At the age of 45, I found myself living at home with my mother in the middle of the pandemic. It felt like being in prison.
My room was a 10ft by 10ft square. A box, with a single bed. There was nowhere to hang my clothes, so my suitcase remained full on the floor. I slept, I got up, I wrote, I took my anti-depressant medication and HRT.
I went for a walk around the block once a day, like daily exercise around the prison yard. I ate in the ‘canteen’ with mum. And she might, or might not, have been bullying me. After three months, I started fearing for my mental health.
How did this happen? How did I end up there?
Four months ago, I returned to England after 11 years of living in Australia, where I was a freelance journalist. I moved there so my then eight-year-old daughter could see her dad when he moved for work, after we divorced. He got a job as a TV director and I wanted our daughter to have us both in her life, so we upped sticks, too.
Now 19 years old, she has gone to college, so I have returned home to the UK to find work and restart my life.
Living on the other side of the world, I had been worried that my mother would die and I wouldn’t have seen her, which would leave me living with horrific regret and guilt.
Alice Smith, 45, said it was like ‘being in prison’ when she moved back in with her mother when she returned to the UK after 11 years in Australia (stock image)
The pandemic aggravated those feelings, so I came back to the UK and asked to stay with her in her two-bedroom terrace cottage in Suffolk for a few months, hoping we could reconnect. I wanted to make sure she felt loved by me.
It was evident, as soon as I arrived home in late December, that my mum, who has lived alone since my dad left 30 years ago, was scared, negative and strained.
She hadn’t been outside in months. She was terrified of getting Covid and, even though I spent two weeks in quarantine in an Airbnb, she wouldn’t come anywhere near me.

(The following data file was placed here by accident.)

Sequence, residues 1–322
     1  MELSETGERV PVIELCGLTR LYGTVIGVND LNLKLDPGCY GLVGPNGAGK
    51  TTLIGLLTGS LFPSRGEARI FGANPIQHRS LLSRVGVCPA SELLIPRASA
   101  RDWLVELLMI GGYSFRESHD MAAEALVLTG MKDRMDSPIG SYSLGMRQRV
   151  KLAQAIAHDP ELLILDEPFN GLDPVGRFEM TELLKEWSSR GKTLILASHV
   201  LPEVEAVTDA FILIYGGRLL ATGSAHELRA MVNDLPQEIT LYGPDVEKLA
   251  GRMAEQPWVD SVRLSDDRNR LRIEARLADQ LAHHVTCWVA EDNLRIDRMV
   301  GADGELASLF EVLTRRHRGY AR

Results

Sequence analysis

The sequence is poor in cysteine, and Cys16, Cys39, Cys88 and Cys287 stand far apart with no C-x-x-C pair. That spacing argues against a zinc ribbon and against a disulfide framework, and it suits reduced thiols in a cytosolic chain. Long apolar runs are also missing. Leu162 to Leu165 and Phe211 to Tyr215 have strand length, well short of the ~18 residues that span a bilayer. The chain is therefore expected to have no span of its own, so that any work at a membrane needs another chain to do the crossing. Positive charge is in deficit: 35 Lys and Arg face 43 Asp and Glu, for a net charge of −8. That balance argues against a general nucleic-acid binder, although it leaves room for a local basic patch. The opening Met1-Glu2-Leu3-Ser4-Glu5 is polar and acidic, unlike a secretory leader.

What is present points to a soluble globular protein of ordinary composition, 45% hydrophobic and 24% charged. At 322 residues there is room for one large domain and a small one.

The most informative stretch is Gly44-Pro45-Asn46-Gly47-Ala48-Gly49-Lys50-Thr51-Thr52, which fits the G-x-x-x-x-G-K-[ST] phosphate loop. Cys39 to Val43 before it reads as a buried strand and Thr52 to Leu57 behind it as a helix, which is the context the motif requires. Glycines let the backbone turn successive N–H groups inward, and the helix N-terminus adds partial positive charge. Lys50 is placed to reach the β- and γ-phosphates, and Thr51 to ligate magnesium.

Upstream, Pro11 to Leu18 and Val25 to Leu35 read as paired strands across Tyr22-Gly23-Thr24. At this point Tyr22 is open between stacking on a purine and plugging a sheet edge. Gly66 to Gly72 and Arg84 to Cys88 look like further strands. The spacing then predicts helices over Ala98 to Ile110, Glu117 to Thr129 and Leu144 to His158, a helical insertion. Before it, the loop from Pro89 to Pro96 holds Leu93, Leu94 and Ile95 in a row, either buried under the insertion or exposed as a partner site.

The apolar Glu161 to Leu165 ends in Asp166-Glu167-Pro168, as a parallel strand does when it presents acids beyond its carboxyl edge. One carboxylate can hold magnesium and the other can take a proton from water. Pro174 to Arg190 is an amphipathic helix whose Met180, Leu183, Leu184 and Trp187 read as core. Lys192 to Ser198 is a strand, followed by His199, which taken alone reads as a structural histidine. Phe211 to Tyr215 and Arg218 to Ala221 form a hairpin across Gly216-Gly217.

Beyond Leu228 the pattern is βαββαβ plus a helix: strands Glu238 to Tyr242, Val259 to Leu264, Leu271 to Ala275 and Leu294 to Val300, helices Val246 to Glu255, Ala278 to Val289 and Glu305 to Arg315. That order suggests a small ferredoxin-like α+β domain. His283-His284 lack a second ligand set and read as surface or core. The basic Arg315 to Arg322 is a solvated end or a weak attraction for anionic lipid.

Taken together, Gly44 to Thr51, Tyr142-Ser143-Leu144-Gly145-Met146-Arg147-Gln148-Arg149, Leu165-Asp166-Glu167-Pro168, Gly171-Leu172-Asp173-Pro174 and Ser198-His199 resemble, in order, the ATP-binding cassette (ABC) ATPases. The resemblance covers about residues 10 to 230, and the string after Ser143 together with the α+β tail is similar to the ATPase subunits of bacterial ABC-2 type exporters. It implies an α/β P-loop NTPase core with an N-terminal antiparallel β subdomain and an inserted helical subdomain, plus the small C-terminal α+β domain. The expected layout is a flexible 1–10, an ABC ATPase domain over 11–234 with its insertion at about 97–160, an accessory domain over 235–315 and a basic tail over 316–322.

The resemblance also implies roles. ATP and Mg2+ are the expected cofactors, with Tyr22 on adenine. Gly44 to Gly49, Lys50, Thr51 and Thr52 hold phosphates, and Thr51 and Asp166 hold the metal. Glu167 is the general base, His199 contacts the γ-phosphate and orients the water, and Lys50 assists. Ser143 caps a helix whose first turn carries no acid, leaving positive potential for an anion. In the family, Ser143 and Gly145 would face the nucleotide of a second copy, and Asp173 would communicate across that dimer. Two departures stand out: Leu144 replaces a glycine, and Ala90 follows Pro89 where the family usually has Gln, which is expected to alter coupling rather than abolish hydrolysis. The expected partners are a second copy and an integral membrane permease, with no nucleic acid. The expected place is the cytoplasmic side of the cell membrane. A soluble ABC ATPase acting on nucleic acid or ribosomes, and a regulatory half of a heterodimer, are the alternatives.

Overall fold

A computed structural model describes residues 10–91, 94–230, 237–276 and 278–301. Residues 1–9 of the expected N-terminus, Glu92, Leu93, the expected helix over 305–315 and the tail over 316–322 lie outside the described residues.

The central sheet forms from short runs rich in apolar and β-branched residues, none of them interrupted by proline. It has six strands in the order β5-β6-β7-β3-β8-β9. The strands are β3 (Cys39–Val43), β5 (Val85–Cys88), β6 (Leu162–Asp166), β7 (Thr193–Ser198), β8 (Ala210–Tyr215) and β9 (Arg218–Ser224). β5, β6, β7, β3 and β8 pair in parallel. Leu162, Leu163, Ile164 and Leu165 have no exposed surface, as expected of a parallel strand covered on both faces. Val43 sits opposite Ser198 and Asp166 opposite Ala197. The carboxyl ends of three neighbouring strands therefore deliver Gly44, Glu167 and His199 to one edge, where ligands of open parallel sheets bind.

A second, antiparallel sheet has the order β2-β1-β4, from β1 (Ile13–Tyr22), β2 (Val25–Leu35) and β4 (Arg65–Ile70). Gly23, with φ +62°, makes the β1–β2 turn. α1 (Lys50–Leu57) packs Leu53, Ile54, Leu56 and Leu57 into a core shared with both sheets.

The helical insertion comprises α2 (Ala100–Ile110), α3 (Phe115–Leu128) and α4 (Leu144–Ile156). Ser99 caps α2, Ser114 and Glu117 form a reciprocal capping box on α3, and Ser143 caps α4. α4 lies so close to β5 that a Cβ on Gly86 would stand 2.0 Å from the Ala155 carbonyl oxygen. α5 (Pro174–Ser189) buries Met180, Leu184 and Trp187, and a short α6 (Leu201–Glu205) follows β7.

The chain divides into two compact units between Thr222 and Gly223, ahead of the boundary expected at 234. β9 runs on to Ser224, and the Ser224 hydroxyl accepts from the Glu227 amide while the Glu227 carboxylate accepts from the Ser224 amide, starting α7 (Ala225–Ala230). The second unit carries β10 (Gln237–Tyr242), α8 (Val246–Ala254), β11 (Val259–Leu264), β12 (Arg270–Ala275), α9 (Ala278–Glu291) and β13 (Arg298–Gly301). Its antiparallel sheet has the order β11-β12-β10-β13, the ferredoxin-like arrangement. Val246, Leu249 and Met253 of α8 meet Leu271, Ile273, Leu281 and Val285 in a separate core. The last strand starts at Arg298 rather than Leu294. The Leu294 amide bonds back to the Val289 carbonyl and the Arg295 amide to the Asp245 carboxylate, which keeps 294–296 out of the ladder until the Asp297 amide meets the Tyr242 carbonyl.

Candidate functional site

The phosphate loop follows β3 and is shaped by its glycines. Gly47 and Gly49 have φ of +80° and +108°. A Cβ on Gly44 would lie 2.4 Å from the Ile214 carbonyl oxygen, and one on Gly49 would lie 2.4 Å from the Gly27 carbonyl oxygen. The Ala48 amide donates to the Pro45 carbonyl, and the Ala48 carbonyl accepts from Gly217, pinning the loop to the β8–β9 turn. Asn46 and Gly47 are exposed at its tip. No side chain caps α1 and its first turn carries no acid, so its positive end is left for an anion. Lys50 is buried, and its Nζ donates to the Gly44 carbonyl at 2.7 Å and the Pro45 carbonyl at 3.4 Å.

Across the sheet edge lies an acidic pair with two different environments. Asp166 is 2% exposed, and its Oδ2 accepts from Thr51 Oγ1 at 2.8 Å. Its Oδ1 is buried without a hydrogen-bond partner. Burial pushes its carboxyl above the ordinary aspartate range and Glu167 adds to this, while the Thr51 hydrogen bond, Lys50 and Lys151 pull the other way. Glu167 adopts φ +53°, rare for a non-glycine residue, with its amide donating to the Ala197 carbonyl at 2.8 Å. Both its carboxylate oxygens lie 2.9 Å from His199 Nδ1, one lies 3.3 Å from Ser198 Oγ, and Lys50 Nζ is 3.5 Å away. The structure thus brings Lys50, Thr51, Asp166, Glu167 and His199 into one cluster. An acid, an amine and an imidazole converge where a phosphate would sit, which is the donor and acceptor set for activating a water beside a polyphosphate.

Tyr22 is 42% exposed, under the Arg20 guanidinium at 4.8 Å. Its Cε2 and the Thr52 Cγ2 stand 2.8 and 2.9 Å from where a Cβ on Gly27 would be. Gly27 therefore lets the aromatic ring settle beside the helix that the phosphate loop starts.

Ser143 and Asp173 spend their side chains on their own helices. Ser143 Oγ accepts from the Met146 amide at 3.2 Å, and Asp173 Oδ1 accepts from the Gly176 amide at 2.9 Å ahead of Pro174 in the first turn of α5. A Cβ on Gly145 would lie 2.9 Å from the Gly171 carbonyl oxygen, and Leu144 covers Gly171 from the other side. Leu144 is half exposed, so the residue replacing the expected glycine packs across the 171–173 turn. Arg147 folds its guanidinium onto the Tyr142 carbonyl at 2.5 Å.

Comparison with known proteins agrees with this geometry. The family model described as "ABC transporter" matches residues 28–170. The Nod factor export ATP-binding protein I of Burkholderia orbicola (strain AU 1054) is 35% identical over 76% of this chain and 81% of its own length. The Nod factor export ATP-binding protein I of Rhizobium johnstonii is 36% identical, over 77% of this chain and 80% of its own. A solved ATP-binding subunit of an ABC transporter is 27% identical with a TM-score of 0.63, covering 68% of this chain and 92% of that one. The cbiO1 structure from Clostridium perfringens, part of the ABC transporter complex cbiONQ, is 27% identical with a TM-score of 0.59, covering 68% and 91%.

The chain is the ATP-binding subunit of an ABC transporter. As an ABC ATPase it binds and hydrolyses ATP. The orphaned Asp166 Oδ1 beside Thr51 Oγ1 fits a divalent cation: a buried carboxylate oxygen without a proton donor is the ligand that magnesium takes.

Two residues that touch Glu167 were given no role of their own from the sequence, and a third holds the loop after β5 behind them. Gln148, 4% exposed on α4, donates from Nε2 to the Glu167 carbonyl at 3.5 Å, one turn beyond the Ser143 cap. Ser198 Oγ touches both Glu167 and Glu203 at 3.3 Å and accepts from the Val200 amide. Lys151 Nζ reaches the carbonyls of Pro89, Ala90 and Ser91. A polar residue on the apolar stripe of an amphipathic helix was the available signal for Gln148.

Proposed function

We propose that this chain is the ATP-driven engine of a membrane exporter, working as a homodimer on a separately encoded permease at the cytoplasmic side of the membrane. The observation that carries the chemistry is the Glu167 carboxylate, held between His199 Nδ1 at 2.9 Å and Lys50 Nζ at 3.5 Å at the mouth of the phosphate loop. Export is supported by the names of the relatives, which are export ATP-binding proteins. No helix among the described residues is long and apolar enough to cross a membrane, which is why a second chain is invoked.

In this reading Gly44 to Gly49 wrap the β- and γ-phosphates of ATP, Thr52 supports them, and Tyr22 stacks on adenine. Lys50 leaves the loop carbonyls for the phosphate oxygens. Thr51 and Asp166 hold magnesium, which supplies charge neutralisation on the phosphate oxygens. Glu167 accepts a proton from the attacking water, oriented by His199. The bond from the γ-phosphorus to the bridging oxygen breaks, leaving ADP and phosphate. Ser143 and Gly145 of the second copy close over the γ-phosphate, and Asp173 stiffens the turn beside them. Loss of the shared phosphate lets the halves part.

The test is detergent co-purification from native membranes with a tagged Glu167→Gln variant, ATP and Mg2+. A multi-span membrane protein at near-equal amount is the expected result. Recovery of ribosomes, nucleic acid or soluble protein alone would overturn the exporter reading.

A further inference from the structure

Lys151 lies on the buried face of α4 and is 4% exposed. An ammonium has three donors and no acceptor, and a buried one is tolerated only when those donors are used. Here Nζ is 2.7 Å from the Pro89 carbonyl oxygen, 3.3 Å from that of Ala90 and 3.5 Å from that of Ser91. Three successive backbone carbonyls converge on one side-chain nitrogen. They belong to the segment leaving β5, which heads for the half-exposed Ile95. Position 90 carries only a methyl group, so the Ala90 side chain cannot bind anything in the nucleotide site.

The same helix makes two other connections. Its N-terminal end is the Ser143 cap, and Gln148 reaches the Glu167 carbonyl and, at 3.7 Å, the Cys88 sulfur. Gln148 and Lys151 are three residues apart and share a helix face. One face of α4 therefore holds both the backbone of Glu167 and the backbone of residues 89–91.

Neither would she make space for me. She didn’t clear any drawers or cupboards, so I couldn’t unpack my suitcase. She didn’t want me working in the main living room, which meant I ended up in my 10ft square bedroom for nearly 24 hours a day.
I thought, to break the ice, we should cook together. But I found ‘together’ is not an operative word, either. My mum instructed me on how to prepare every vegetable, rinse every plate, cook every item, to the point where her abject criticisms meant I ended up standing back and watching her do it.
This extended to my ‘inability’ to wash and hang up clothes, keep to her time schedule for meals and turn off lights.
‘How is it possible for you to be so useless at your age?’ she said daily. And even though I’ve been doing all this as a mother myself for 19 years, I became frozen in my inability to do anything right.
Then it started to get even more personal. My mother grew obsessed with my weight. She told me I was ‘severely overweight. Obese’. She feared my weight put me at increased risk of acute Covid.
At 5ft 9in and 11st, I know I am far from obese, but she started to withdraw my food. She banned cream in coffee, and avocados. She told me I ate for two people. She hid chocolate. She wouldn’t pour me wine and watched everything I put in my mouth. I ended up eating self-consciously in front of her once a day, cutting out all other meals.
If I had a Zoom call for work with an editor or for a job interview, she told me to put on make-up and tie my hair up. My clothes were all too big for me, she said, and ‘unattractive’. I put on a warm coat and she commented: ‘That looks cheap. That looks like someone has cut up two dressing gowns and sewn them together. It makes you look fat.’
I was so surprised and shocked by her behaviour that I was in denial it was happening at all.
We have communicated well on the phone for 11 years. And she has voiced nothing but support and encouragement. So I brushed it off. Even the ‘You should have a bath, you smell’ comments. Even listening to her talking loudly to her friends on the phone, repeating anything I told her, and then saying how hard it was to live with me.